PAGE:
Thursday, April 22, 2010

Confirmed: North Korea Torpedoed South Korean Ship

The South Koreans have released a report on the recent sinking of one of their ships, based in part on intelligence provided by the United States, which asserts that it was a torpedo fired by a North Korean submarine that sunk their ship.

South Korea's military believes a torpedo fired from a North Korean submarine sank its navy ship last month, based on intelligence gathered jointly with the United States, a news report said on Thursday.

The Yonhap news report appears to be the clearest sign yet that Seoul blames Pyongyang for what would be one of the deadliest incidents between the rivals since the end of the 1950-53 Korean War. It puts more political pressure on President Lee Myung-bak, but analysts do not see it triggering a war.

The military's intelligence arm sent the report of "certain" North Korean involvement to the presidential Blue House soon after the incident, Yonhap quoted a high-ranking military source as saying.

Tensions on the Korean peninsula stay in normal state of unease, and this certainly is not going to help. The constant sabre rattling and threatening posture of the North Koreans is something the people living in the south have learned to accept over time, but this is going to put intense pressure on the South Korean president.

The other part though is to keep an eye and an ear out for what the United States reaction to this provocation is. Given all of the smart diplomacy we have seen from this administration I expect to see Hillary in Pyongyang apologizing to the 'Supreme Leader' for the obvious lack of navigation skills of the South Korean sailors and probably offering to trade a few pounds of enriched uranium for promises that they will not carry out any further attacks.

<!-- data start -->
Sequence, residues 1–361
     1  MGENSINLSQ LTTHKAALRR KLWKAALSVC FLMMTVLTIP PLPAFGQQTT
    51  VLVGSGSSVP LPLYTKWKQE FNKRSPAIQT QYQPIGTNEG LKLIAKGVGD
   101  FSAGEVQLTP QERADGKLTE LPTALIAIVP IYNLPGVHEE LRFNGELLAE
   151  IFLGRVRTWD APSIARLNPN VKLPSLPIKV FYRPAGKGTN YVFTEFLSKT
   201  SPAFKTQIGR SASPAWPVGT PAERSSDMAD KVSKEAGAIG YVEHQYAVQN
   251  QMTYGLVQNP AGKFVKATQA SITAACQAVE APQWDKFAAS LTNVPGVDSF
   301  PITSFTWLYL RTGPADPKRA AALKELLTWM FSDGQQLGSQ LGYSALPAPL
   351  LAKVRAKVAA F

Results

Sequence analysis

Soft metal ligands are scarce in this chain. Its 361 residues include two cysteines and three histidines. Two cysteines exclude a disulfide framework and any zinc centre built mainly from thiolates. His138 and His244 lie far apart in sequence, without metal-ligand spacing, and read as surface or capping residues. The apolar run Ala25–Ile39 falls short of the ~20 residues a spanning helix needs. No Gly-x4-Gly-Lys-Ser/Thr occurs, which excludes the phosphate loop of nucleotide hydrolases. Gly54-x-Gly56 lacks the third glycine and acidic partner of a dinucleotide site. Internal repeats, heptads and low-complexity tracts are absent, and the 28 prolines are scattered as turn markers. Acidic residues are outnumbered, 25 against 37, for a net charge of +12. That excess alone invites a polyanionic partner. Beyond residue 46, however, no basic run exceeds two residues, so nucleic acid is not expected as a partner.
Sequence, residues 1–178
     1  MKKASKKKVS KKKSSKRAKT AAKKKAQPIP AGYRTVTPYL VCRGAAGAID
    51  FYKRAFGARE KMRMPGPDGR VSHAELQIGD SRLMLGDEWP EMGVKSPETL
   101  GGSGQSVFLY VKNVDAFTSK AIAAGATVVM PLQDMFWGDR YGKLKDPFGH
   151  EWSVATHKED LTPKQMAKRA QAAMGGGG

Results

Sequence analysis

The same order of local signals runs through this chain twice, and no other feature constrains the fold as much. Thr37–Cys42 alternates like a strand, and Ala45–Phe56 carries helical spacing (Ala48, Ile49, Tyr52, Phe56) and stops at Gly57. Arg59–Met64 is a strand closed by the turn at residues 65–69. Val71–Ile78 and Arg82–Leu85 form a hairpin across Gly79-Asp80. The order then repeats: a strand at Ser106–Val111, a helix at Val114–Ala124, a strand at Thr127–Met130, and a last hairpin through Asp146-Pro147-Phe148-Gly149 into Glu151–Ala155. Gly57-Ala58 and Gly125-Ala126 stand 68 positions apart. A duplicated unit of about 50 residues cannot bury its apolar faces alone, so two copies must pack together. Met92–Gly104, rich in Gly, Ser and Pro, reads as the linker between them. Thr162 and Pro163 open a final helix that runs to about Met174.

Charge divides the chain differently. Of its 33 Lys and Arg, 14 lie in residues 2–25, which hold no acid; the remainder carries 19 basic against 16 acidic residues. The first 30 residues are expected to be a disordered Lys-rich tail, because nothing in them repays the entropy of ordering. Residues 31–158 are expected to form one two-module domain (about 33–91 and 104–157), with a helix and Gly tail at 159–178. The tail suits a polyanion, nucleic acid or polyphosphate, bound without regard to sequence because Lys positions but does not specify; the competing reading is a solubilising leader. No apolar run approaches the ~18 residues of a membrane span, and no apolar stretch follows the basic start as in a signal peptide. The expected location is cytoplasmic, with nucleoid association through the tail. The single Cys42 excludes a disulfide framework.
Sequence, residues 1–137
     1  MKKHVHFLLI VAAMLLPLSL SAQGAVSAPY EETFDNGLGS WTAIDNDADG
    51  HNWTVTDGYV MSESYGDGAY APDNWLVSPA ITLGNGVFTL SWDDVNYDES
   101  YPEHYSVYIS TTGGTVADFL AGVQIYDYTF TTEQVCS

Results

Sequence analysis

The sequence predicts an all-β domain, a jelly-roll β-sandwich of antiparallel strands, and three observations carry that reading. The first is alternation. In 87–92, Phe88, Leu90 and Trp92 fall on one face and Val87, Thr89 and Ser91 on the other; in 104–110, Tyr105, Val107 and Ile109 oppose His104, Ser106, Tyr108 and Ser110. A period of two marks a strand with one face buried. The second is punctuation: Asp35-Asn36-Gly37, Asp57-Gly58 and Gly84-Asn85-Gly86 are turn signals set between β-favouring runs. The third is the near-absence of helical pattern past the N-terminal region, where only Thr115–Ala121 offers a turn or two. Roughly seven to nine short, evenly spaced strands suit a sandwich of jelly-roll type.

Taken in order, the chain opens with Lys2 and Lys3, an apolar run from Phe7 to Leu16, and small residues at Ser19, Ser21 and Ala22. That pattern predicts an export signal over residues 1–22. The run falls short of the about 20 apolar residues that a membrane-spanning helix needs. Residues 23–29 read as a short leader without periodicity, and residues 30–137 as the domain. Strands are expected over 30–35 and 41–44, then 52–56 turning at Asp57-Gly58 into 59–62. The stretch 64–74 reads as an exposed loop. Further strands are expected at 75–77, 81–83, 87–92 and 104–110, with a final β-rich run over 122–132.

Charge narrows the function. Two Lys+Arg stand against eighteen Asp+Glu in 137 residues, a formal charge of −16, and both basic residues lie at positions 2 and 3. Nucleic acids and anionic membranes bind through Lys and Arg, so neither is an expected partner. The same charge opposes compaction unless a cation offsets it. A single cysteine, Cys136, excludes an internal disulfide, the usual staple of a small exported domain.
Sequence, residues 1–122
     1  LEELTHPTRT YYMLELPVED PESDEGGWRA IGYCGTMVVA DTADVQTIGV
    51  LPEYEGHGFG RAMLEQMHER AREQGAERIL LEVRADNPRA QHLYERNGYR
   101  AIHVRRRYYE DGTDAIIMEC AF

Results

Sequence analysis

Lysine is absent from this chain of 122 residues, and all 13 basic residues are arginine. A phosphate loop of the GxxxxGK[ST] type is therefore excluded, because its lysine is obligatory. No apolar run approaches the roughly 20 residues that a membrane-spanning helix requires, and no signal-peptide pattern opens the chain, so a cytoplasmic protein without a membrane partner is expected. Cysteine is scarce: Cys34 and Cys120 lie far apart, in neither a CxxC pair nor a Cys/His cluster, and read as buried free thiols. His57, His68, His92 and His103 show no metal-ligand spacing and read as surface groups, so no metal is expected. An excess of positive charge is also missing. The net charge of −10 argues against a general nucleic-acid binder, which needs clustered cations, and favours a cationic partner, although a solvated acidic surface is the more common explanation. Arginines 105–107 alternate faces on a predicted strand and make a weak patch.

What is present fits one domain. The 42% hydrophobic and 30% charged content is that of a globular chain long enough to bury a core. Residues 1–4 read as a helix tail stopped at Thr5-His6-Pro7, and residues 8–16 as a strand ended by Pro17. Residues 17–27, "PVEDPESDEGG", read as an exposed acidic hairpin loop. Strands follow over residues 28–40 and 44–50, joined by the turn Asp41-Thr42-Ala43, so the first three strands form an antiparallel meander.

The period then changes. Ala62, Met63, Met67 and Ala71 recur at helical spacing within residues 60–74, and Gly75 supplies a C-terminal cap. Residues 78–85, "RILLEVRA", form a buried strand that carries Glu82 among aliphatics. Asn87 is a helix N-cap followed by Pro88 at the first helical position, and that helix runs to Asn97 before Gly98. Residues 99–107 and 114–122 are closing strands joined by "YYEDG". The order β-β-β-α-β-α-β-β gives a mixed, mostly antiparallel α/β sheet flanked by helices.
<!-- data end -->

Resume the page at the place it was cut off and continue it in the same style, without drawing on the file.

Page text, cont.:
For those of you who received your entire education in government schools it is important to let you know that the Korean War was never officially ended. There was a ceasefire resolution signed, but the North has always maintained that they will resume hostilities anytime they wish. Every time one of these incidents happen the tension becomes palpable in Korea. I was there when Kim Il-Sung, father of the current leader, died. Our forces immediately went on alert and deployed, realizing we would be nothing more then a speed bump should the North decide to vacation in Seoul. After about 24 hours Clinton ordered us to stand down, which shook all of us by surprise. We left our dispersed battle positions and returned to our barracks. The reasoning was they didn't want us to appear to be provoking the North, which was funny--not in a funny way when your ass is on the line--in that the North was massing everything they had on the border. Returning us to our bases drew up images of Pearl Harbor. Nobody got a good night's sleep for a couple of weeks, but fortunately the situation calmed down. For you Clintonistas who think us standing down was what eased the tension, think again. There was an intense power struggle taking place in North Korea between the new dictator and the military which kept them poised but unable to move.

The conventional wisdom in the wake of this most recent incident and the revelation of the North's involvement will not result in much of a response from the south, but I bet you can be assured 'The Dear Leader' of the North will have plenty to say and all of it will be blaming the United States working in cahoots with the South Koreans to fabricate the whole thing.

You know, like AhmaDinnerJacket does with Israel and the United States.

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